To present it simply, dichotomizing is the practice of trying to divide the human race into two categories. If you try to separate the human race into two distinct groups, you’re dichotomizing.
You’ve heard it before. Someone says, “There are two kinds of people in this world: ______________and_____________.” Fill in the blanks with the current trends. Does the person saying this think a human couldn’t possibly be something in between, or, even harder to believe, further along the abstract spectrum?
Some examples of dichotomies are these: Aborigine/Immigrant, Idiot/Maniac, City/Country, Common/Extraordinary, Sane/Psycho, Patriot/Traitor, Moron/Genius.
I’m sure you can look at these examples and see that there are not only degrees between the two, but also separate possibilities that break the so-called mold. Not everyone fits in an oversimplified stereotype. In fact, some people manage to live their whole lives outside of these categories.
Dichotomies tend to be oversimplified and illogical. They’re not always about people. They don’t generally benefit an argument. Avoid using them in a debate because they’re highly transparent.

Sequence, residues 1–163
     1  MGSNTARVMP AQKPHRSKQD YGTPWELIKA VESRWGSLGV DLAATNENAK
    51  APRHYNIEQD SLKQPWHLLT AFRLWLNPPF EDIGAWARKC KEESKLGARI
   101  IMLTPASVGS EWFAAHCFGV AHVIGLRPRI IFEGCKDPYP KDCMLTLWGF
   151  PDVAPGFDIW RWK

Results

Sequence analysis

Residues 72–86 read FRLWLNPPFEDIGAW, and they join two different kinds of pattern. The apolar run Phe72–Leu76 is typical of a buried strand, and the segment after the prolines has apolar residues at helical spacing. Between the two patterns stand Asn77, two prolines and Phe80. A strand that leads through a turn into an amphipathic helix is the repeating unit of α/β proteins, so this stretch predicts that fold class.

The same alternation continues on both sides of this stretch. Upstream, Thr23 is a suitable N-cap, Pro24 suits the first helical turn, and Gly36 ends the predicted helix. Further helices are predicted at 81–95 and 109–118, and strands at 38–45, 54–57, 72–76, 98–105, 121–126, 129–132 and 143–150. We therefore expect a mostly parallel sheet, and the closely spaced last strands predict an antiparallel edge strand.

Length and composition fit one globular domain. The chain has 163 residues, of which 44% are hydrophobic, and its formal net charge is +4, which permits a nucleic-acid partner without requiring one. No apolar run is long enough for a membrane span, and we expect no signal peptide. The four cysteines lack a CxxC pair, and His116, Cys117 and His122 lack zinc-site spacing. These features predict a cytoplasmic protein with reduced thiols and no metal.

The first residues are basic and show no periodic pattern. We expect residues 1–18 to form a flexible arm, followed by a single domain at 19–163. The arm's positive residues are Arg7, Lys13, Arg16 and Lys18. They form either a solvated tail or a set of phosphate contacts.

Politics and political debates are saturated with dichotomies. For instance, if you tell someone you’re not a Democrat, what do they think you are? A Republican! As if there couldn’t be any other way. How do politicians and the media rate a state? It’s either a blue state or a red state. Why can’t there be green states and purple states? Because the people who rate them are so limited in their views. Limited thinking is the antecedent to limited vision.
Dichotomies are enemies to lucid, critical, logical, and especially creative thought. Isn’t that what we need more of these days? Creative thought? Our leaps in technology didn’t come from people being stuck in a funk about “impossibilities”. The leaps came from people believing there was another way. Then they sought and discovered the other way. Don’t we need more flexible thinking in our police departments and our judicial systems? If everyone judges by the fake limits of a stereotype, or a false dichotomy, then we’ll be doomed to repeat the misjudgments of the past. Couldn’t we use more creative thinking in our politics? We can quote the politicians of the past because they had creative notions on life. Today? Not so much.
Dichotomies are difficult to avoid, because they’re everywhere. Sometimes we use them without knowing. It’s not impossible to remove all of them from your everyday words. If you’re careful and selective you can eliminate most of them from your presentations and conversations. Point out the illogical dual divisions for others, so that they’ll see them too. Eventually we may get the whole world to make sense. Sound ideal? So, you’re either an idealist, or you’re not. And that last bit, well, that’s between me and my psychotherapist.